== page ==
How to protect sensitive information from commuter snoopers

Public transport is a common hunting ground for opportunist thieves looking for easy pickings. However, it’s not just the bag snatchers and the pick pockets that pose the threat. Talking confidential company business on the phone and working on sensitive documents while commuting are also a concern. 

Indeed, 72 per cent of the UK’s office commuters are looking over the shoulder of the person sitting next to them to find out what their fellow commuter is working on, according to Iron Mountain research. Thus, one in five UK commuters have seen confidential or highly sensitive information.

Nearly 18 per cent of those in marketing say that they frequently sneak a peek at the work of fellow commuters, compared to just six per cent of legal professionals. Marketing professionals are also the most likely to be working on confidential or sensitive work during their commute. PA and Admin staff are, at 15 per cent, the least likely to undertake confidential or sensitive work while on public transport. Across all job roles, 21 per cent of respondents say they are doing confidential or sensitive work while travelling on public transport.

In the UK, trains and planes are the top locations for ‘commuter-snooping’, although 20 per cent at director level or above find the airport business lounge a particularly fertile ground for information spotting.

It is not just exposing information on mobile devices that presents the threat. Paper documents often contain critical information that must be safeguarded while travelling and, when discarded, securely destroyed so that the information cannot be reconstituted.

Here are five tips for commuters looking to protect confidential information while travelling:

1. Keep it private

Keep your confidential company business private by using a laptop privacy screen when working on the go. It allows you to view the information on your screen but makes it impossible for a fellow commuter to see on-screen information from a side view. Don’t discuss confidential company business in a public space.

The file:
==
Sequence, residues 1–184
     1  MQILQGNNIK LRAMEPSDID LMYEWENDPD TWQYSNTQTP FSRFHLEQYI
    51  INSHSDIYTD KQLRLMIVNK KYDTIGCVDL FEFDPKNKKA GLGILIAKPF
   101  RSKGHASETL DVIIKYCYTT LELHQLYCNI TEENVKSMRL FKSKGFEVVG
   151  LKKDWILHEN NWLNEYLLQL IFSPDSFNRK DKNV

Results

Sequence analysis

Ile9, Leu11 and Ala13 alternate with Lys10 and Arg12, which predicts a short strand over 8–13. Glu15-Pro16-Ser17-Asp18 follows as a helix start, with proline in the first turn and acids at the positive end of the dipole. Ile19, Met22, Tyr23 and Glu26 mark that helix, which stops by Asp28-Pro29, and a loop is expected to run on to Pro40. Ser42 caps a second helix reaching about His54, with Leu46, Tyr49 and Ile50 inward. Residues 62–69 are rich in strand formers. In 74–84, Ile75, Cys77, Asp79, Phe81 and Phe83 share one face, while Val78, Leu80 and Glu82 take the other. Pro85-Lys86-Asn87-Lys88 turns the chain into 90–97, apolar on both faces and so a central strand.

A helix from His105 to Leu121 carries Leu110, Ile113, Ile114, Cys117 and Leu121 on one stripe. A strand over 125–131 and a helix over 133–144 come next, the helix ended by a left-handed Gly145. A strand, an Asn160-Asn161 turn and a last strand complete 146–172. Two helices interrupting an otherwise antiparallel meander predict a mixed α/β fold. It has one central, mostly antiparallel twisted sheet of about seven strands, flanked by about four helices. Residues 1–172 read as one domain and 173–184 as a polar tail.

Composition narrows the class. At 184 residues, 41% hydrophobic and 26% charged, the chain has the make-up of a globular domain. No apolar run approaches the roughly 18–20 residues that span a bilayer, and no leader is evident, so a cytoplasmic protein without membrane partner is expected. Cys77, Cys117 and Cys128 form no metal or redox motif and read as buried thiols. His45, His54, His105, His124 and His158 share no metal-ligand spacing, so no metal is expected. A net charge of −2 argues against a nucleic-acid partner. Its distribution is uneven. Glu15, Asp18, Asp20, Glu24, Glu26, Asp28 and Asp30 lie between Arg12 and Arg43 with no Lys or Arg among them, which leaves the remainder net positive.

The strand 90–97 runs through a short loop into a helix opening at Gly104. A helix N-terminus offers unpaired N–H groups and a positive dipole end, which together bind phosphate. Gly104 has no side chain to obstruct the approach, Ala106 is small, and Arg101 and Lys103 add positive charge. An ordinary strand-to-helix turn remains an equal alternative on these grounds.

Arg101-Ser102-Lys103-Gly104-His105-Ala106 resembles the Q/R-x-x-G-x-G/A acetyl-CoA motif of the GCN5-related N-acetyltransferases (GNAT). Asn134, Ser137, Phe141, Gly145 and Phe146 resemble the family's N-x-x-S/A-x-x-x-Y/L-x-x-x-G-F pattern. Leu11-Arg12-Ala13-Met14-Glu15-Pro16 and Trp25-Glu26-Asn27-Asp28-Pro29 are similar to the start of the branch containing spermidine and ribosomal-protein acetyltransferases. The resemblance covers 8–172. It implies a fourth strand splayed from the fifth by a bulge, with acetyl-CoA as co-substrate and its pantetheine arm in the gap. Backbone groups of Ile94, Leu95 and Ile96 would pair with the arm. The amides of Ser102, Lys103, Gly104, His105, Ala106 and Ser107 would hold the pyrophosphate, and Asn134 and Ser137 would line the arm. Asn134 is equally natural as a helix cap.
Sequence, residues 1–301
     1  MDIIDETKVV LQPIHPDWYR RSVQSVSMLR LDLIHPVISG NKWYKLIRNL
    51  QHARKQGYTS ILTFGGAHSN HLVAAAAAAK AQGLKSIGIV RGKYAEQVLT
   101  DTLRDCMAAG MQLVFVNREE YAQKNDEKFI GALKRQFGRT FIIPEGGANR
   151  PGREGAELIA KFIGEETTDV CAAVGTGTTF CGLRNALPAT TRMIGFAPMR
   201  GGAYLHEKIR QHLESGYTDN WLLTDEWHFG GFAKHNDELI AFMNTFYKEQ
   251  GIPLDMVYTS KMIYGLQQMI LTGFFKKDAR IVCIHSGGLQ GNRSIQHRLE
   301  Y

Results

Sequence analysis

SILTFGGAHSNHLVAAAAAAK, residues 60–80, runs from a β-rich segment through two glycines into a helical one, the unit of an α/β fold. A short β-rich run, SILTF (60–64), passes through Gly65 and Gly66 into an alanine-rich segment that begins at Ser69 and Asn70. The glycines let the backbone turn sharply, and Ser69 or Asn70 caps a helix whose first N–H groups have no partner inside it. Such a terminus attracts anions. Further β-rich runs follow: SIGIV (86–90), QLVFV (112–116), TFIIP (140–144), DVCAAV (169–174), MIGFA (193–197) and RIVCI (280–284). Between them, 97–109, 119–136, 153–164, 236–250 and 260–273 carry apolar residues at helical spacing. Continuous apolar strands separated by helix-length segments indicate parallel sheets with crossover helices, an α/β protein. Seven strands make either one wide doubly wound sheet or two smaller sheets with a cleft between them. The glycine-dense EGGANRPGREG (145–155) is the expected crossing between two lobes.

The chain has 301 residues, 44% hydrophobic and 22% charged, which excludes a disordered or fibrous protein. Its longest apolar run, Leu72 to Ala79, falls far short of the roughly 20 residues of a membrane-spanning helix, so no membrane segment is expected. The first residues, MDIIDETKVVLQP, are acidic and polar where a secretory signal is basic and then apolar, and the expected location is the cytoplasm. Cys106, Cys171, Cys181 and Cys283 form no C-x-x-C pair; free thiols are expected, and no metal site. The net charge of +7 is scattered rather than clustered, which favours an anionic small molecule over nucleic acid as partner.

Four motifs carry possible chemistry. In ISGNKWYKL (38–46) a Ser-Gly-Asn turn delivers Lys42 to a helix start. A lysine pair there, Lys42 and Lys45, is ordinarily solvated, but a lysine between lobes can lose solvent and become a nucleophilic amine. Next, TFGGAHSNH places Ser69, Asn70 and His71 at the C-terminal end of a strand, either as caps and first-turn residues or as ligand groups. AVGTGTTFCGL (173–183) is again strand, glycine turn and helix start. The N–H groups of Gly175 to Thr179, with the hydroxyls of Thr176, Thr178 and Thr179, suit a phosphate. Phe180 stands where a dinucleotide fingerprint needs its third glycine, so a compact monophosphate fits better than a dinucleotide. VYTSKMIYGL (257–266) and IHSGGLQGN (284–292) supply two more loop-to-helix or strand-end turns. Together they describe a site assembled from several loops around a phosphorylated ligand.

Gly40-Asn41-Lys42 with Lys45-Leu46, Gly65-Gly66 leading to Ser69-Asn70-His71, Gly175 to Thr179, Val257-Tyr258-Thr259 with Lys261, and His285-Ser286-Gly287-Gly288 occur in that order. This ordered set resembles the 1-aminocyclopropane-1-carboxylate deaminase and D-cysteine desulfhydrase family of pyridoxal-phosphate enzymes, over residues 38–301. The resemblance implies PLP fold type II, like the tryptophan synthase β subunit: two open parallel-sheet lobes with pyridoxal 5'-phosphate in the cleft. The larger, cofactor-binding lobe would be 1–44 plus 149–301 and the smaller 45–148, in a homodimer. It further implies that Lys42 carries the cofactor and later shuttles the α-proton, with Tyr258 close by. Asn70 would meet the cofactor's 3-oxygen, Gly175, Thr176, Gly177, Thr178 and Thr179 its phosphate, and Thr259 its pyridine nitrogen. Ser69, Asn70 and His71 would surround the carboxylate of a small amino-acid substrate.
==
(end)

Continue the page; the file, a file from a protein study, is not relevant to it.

2. Don’t forget the paper

All too frequently the focus for information security starts and ends with IT. Yet confidential paper documents are easy to transport and just as easy to leave in plain sight or leave behind. Make sure that sensitive documents are not consulted in full view of fellow commuters. When no longer needed, you should return sensitive documents to the office to be destroyed securely.

3. Make it difficult for thieves

If possible, keep your mobile devices concealed and avoid using them openly at off-peak times. Professional thieves can easily undo a zip, so think again before you carry your devices in a backpack or in the outside pocket of a rolling suitcase. Don’t place devices on the seat next to you and don’t store them out of view in the over-head luggage racks.

4. Don’t be an obvious target

Thieves target passengers likely to struggle because they are over-burdened with luggage. They also looking for distracted travellers who unwittingly place their briefcases and laptop bags on the floor to consult timetables, buy refreshments or ask for directions.

5. Stay alert

Be particularly vigilant as your train pulls into a station or when you get on or off public transport. These are the big-opportunity moments for pickpockets and bag snatchers. And, if you’re travelling alone on the train, don’t fall asleep!

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